Tuesday, March 22, 2011

Earthquakes - Exploring our website data - Part two.

Quake Drums : 101

The most common means of displaying seismic monitoring data is called a seismogram. Traditionally these were drawn by ink on paper, but today are usually created by computers using digital data.
You read a seismogram like you are reading these words; the earliest time is at the top left and then goes along the line to the end and then starts at the left of the next line. The top-left is therefore the oldest data and the bottom-right the most recent. All of our drums cover a 24-hour period.

The drums on the GeoNet website do not display 'real-time' data as the volume of data required to be sent across the internet is too great.  Instead, each seismogram is produced every 5 minutes and the web page updated as each new image becomes available.

An earthquake typically is a signal that is much larger then the normal background. A nearby earthquake usually has a very sudden onset and decays away relatively quickly (usually less than 5 minutes). With a more distant earthquake you may be able to see both the P- and S-waves and the earthquake decays away more slowly. Because of the limited resolution of the seismograms you cannot always see the both the P- and S-waves, especially for nearby earthquakes.

The traces are coloured in dark blue and purple so it is easier to see which data corresponds to each line. A seismogram is coloured red if is clipped, ie. the largest parts of the signal are not shown. If this was not done then a large earthquake would obscure much of the seismogram from view. In other words, if the signal is red the real size is larger than is shown on the seismogram.

Seismograms are not all at the same scale. This is as some sites are noisier than others and tend to be plotted at a scale that shows a smaller signal (these sites have a larger scale number). To plot these sites at the same scale as nearby, quieter sites would result in a seismogram completely blue (or red) and would show no useful information.

The seismometers that we use are very sensitive instruments and can sometimes be triggered by unrelated phenomena like weather, traffic or movement of livestock.

NOTE: Not all earthquakes that are widely recorded on these traces are felt by people.



Monday, March 14, 2011

Earthquakes - Exploring our website data - Part one.

We quite often get queries (via email and facebook) wondering on how many earthquakes a particular area gets, and 'was there an earthquake yesterday' etc.  and more recently we have had lots of questions regarding Christchurch!   I will do a series of posts on how to find and use the data within our website which will hopefully help you answer those questions now and in the future.

You all know we get a large amount of earthquakes in New Zealand every year (we locate over 15,000!) we only put the larger/more widely felt earthquakes onto our 'recent quakes' page (or else it would be chocka!)  Now we aren't hiding anything, you can access all of our data via our website!   We have heaps of cool things for you to look at on our website via the 'Resources' tab, here are a couple ..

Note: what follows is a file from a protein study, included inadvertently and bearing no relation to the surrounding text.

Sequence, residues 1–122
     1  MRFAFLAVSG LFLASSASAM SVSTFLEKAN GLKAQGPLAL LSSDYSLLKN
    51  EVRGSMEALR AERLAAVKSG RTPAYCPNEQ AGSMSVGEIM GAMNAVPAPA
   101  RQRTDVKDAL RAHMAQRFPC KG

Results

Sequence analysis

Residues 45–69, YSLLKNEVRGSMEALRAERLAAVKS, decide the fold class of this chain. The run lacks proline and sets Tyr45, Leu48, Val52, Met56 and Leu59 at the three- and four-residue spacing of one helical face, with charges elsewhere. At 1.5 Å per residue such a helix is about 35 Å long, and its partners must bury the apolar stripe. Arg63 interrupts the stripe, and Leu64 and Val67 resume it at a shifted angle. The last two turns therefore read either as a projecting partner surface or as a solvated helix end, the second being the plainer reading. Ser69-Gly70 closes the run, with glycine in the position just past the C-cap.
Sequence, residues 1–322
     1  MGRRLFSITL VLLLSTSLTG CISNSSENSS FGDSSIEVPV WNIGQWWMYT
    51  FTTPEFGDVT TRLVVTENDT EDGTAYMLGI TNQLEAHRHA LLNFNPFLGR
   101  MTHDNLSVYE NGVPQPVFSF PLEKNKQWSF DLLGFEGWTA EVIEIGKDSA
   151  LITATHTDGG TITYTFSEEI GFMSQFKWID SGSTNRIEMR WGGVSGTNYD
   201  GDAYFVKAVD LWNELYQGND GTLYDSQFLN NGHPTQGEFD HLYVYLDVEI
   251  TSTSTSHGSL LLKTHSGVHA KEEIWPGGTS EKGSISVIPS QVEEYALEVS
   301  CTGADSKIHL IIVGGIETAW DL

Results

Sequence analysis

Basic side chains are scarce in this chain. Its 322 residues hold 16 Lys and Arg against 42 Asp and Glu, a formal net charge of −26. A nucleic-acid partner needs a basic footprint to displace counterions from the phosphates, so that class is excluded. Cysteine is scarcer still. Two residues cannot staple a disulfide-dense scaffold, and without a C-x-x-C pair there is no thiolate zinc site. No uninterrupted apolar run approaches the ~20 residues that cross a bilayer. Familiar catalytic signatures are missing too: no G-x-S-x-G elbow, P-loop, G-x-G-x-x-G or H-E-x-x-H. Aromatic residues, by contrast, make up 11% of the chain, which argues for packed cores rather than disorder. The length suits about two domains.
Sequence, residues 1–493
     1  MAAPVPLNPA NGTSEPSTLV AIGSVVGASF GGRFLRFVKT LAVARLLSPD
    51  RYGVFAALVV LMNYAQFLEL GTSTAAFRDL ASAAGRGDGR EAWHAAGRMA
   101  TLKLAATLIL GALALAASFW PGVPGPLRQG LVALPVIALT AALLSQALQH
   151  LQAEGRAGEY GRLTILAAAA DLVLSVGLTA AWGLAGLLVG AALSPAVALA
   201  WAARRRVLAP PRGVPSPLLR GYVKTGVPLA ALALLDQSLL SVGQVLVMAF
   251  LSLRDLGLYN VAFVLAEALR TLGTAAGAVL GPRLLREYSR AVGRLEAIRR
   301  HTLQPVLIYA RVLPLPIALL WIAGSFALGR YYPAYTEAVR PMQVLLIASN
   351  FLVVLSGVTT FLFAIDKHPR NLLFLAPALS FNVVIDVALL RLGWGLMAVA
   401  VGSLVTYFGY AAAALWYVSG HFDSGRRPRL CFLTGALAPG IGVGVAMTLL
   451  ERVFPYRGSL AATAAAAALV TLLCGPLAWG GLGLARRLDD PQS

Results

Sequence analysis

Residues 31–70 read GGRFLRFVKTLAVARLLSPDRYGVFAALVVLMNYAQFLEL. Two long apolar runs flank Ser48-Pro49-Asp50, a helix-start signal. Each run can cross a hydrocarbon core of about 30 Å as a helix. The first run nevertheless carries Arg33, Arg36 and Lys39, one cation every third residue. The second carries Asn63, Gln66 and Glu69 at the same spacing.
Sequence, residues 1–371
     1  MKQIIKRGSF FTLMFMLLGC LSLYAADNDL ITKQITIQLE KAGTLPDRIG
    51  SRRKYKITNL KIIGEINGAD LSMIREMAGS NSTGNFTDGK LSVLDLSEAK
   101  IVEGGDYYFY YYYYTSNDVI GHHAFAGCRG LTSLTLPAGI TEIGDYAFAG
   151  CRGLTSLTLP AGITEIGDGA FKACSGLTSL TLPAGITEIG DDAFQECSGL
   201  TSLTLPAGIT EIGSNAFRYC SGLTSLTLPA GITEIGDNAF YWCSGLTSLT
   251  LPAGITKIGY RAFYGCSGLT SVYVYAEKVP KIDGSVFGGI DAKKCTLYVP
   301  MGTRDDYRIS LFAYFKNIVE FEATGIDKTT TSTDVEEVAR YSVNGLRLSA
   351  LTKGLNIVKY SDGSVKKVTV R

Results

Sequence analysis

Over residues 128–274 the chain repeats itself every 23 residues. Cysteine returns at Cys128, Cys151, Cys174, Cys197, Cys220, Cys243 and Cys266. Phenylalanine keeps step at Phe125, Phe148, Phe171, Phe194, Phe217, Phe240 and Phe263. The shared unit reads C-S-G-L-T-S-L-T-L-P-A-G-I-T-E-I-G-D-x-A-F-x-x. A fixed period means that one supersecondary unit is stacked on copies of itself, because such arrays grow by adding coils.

Quake Search  CLICK HERE
This lets you search in a particular area, date and size of earthquake.
1 - Draw a box around the area of NZ you are interested in. (or you can put in the coordinates)
2 - Select the time frame - note. UTC = Universal time = at the moment is 13hrs behind NZ time.
3 - If you are interested in quakes of a certain size, put the magnitude in here.
4 - Output: you can choose * CSV= spreadsheet, Here you get all the guff -  numbers, mag, depth etc
     *Map (with or without towns) and * KML - which will open up in Google Earth.

Here is an example of all of the earthquakes in Canterbury from March 1st until the 14th:

Wednesday, March 2, 2011

Christchurch Landslide Response ~ Site 2

The team are now at Clifton and about to install equipment on a property with very large cracks in the lawn as shown in the pics below:

In this photo you can see the temporary gps equipment set up in the background.

Andrew connecting the gps.

Christchurch Landslide Response ~ Site 1

Todd and Andrew and busy installing the first of the gps sites. I spoke with Andrew this afternoon and he said this site is at Redcliffs above the slip that fell onto a school.

 Todd digging a hole next to the temporary gps installed last week.

And Todd again, tinkering with the new semi-permanent gps equipment almost ready to go.

ShakeNZ Animation of the 22 Feb 2011 Christchurch Earthquake

Tuesday, March 1, 2011

Christchurch Landslide Response

Two of our team (Andrew and Todd) are gearing up to head down to Christchurch for GNS Engineering Geologist and landslide wizz Chris Massey.

The team are going to install two precision gps instruments (pictured right) at Sumner and Redcliffs landslides, to monitor potential land movement.  

More info to come tomorrow!